Archive for February 4th, 2010

The Sports Revolution: The Bonus Field Goal

Let me set the scene for you: There are four seconds left in an intense NFL playoff game. The visiting team, down by three and at the opponent’s 30-yard line, sends out its placekicker for a 48-yard field goal that will either end his team’s season or send the game to overtime. It is a dramatic moment.

Let me reset the scene for you: There are four seconds left in an intense NFL playoff game. The visiting team, down by three and at the opponent’s 30-yard line, sends out its placekicker for a 48-yard field goal that will end his team’s season, send the game to overtime, or end the other team’s season. Because especially accurate kicks that travel between Arena League-style interior uprights are worth four points, it is as dramatic as moments get in sports. Win, tie, and loss are all in play.

We can all agree that not all field goals are the same; some are more difficult than others. This has been the main motivation for changing the point distribution on field goals; theoretically, kicks that are harder to make should be worth more than easier ones. Most suggestions along this line, then, endorse making a field goal in excess of 50 yards worth an extra point.

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The Double Bonus: More Is Less

We'll just have to bump this out a little wider...anybody got 11x17?

Remember, as is the somewhat-settled-upon standard, John S’s comments are in red and Tim’s are in black.

Earlier this week, Sports by Brooks reported that, according to sources, expanding the NCAA Tournament from 65 to 96 is “a done deal.” Sources have since denied that anything is final, but the NCAA is at least in serious talks about opting out of their current television contract with CBS and letting other networks, like Fox and ESPN, bid on the new tournament, which could be expanded as early as next year.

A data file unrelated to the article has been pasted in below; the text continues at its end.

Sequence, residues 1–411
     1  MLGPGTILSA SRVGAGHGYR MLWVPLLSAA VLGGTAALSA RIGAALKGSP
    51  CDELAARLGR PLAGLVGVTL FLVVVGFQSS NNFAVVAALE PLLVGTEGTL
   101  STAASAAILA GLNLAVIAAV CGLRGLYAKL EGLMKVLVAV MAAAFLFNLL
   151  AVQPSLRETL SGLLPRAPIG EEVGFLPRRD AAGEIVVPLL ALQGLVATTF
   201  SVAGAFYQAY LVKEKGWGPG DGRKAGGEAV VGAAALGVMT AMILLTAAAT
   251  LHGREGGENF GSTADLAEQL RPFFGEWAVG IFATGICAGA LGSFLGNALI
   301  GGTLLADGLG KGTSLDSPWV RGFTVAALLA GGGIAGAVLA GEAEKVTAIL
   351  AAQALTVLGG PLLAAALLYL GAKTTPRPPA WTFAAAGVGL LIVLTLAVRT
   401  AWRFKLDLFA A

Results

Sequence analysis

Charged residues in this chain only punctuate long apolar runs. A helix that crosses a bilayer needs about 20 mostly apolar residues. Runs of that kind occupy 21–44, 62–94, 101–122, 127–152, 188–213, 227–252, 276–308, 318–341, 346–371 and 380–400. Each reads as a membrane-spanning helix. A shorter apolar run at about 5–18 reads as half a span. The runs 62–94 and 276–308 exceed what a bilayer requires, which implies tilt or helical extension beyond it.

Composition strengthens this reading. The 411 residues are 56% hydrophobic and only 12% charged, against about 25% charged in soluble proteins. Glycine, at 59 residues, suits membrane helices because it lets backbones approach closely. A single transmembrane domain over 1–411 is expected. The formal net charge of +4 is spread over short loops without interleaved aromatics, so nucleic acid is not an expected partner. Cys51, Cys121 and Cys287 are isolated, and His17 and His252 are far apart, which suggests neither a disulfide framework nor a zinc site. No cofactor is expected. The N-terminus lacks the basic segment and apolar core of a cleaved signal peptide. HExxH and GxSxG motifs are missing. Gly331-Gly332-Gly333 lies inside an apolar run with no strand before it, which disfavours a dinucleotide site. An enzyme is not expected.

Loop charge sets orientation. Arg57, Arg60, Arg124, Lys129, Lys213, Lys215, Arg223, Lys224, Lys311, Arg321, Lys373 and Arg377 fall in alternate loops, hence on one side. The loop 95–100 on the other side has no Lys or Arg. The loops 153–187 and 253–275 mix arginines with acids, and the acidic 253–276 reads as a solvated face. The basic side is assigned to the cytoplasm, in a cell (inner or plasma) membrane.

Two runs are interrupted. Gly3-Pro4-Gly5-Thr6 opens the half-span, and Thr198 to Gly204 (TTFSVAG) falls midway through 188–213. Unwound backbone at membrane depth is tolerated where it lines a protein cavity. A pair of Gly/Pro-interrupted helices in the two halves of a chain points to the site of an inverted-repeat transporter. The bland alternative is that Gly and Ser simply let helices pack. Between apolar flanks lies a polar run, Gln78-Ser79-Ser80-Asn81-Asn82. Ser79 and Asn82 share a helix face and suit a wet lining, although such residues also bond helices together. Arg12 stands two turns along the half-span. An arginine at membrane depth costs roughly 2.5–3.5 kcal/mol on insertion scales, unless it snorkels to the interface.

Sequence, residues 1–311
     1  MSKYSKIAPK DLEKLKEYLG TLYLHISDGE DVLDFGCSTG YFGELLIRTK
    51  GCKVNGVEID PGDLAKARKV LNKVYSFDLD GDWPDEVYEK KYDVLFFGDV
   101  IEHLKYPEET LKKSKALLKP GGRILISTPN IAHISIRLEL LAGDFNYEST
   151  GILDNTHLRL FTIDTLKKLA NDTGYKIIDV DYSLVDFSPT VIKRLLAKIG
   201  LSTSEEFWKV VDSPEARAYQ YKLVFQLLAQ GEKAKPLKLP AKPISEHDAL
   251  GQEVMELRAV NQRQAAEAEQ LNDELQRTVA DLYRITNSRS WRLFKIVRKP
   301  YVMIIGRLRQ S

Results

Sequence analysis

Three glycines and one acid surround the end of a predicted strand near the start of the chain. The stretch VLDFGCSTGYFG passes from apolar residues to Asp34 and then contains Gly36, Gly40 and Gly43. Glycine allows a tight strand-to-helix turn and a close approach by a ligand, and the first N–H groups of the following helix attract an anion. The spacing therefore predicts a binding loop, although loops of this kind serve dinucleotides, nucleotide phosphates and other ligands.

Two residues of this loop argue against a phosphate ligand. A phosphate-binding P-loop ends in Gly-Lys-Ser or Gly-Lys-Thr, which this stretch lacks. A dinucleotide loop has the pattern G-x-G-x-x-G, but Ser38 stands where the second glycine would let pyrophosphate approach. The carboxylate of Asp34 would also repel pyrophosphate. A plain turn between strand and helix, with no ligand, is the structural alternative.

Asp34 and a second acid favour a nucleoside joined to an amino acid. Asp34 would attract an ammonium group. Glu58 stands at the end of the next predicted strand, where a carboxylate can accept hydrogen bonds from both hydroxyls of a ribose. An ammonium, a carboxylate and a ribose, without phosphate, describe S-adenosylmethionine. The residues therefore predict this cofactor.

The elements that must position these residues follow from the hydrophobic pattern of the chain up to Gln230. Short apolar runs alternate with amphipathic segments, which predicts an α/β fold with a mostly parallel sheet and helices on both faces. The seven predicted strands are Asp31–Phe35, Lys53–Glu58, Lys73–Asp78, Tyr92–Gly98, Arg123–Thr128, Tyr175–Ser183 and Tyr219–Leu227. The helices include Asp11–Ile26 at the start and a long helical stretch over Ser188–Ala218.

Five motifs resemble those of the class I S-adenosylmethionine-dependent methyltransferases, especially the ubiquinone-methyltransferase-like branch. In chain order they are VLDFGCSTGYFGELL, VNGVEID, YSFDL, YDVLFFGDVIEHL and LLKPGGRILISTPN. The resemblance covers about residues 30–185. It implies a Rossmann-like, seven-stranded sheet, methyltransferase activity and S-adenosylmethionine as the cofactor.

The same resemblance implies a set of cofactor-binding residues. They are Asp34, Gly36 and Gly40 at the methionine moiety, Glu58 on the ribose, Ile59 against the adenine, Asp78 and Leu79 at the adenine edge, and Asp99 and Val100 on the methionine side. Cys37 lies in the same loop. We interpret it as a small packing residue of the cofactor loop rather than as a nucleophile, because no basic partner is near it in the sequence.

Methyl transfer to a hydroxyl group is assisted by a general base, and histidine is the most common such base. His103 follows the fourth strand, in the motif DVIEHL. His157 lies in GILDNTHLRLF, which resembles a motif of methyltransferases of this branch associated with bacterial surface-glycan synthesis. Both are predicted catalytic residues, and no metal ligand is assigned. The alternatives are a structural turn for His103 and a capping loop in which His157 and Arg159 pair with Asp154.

We should have known that this was coming as soon as Coach K endorsed it, particularly given the fact that more money is on the table with a larger tournament. The Coach K endorsement actually was pretty significant; before him, most of the support for expansion came from coaches of teams on the bubble—not exactly the most impartial sources. Even Jim Boeheim’s vocal support of the idea came in 2006, when his team was heading for a ninth-place finish in the Big East and needed a few miracles from Gerry McNamara to make the Tournament. But Duke has been on the bubble once in the last 14 years, so it’s hard to see Krzyzewski benefiting much from the expanded field.

Truthfully, it’s hard to see anyone besides the head coaches of bubble teams benefiting much from this—this is a colossally bad idea. Like, BCS bad. Continue reading